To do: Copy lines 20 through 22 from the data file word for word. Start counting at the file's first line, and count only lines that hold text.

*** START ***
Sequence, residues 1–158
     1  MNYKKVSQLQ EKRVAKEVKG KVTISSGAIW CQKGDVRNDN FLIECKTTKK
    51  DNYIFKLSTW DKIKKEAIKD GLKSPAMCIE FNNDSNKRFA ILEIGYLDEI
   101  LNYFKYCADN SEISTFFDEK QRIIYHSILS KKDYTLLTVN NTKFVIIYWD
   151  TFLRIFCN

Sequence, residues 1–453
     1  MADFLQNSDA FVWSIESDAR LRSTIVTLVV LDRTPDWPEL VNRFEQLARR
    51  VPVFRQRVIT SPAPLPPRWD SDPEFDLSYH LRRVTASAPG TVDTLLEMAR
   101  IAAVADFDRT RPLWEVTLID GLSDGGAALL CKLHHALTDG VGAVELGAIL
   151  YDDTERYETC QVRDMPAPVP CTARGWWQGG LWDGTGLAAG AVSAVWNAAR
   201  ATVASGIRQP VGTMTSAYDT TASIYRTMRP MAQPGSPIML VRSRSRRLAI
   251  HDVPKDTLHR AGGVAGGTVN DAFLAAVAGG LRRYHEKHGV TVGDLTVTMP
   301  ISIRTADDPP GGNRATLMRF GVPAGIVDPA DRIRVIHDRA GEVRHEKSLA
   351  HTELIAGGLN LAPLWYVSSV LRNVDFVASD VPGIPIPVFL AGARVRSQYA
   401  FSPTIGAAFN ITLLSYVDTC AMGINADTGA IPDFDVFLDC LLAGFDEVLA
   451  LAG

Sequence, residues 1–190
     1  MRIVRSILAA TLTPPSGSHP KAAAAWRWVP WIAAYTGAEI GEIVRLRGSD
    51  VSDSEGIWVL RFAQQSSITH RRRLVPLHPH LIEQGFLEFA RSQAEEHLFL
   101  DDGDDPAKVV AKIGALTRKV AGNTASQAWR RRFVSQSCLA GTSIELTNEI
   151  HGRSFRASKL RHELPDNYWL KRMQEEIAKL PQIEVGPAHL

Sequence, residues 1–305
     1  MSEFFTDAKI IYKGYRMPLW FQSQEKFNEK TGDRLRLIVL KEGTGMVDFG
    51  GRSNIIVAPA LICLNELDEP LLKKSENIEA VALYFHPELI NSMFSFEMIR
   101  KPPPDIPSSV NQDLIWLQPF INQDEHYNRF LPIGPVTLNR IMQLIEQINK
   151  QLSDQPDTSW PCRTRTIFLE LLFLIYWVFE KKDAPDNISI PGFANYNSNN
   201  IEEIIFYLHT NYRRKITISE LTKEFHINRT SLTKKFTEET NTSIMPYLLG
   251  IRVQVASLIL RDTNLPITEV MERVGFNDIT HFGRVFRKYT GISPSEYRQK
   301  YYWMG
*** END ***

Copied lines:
   101  DDGDDPAKVV AKIGALTRKV AGNTASQAWR RRFVSQSCLA GTSIELTNEI
   151  HGRSFRASKL RHELPDNYWL KRMQEEIAKL PQIEVGPAHL

Sequence, residues 1–305